SO. What do you eat as a Paleo leaning vegetarian?

I eat eggs (Pasture raised only), and I love them which still surprises me because I was vegan for so long. I also eat Sweet potatoes, Winter squash, and tons of greens. Roasted vegetables and home made soups are common. I have learned to eschew vegetable broth that isn’t home made because it is generally full of bullshit chemicals, MSG, high fructose corn syrup and sugar, which I don’t want to put into my body. Why are they trying to make something so simple into some sugar brew to soak your vegetables in?

Coconut has become my best friend. I eat Coconut milk, oil, butter, and flakes, all unsweetened of course, on a daily basis. I eat flax and hemp theoretically, but not very often. I drink almond milk and coconut milk kefir. There is no sugar, maple syrup, agave or honey in any of this stuff (which is above and beyond Paleo, really, because many Paleo-leaning people still feel fine eating honey.) I eat as many fermented things as I can, because I want those probiotics bad. I make my own kombucha, yogurt, almond milk, and sauerkraut when I can get it together to do so. I make Paleo biscuits, frittatas, butternut squash/pumpkin pies, and cauliflower crust pizzas often enough for it to be specifically stated. I don’t mess with very many nuts or nut flours usually, although some Paleo people eat that stuff too.  I don’t eat nut butters at all because once I start eating them it is hard for me to stop and nothing hurts my gut worse then a big nut baby floating around in my colon. I eat a ton of avocados. Everything I eat is completely delicious, and unboring. When I got my list of dietary restrictions I thought I was doomed to bland food. Not so.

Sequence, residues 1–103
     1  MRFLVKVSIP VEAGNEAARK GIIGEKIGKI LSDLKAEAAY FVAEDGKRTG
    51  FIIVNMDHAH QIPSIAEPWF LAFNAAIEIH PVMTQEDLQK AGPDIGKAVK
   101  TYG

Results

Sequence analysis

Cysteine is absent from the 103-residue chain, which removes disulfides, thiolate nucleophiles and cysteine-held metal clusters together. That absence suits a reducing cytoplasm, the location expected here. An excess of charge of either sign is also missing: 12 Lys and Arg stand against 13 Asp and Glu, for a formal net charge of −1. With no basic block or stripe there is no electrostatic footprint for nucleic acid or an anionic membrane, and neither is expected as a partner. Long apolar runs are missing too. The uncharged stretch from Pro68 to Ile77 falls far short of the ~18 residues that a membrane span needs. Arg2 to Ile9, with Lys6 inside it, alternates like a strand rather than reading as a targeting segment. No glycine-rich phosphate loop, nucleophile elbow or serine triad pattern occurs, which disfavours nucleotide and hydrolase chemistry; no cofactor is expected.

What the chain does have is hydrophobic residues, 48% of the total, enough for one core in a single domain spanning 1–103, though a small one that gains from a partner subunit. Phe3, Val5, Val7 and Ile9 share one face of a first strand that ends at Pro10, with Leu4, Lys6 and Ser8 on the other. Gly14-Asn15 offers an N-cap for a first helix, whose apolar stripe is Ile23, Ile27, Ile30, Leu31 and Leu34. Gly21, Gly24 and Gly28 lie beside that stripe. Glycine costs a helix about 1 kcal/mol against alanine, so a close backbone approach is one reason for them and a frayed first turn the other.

I eat some stuff that is decidedly un-paleo. Those things are tempeh, (about ½-1 serving a day usually), edamame, miso, sprouted quinoa rarely, and lentils or split peas if I get a soup craving. The tempeh is often and the rest of the stuff not so much.

I don’t eat dairy, and I don’t understand how so many people who claim to be Paleo can justify eating that as part of their diet. No judgement!  I just don’t get it!

As far as I can tell, I am not losing weight  (although I don’t weigh myself because it makes me batshit fucking crazy to try) and that is not really my goal. That being said, it hasn’t been super long and I do expect that my body will change some, as I am very committed to my dietary choices and have been upping my CrossFit to three days on, one day off, and not avoiding the strength days like I used to. Some days, my stomach feels better— much better actually— and I have no idea if that is because of the Paleo or because of the other restrictions I have based on what my acupuncturist has prescribed.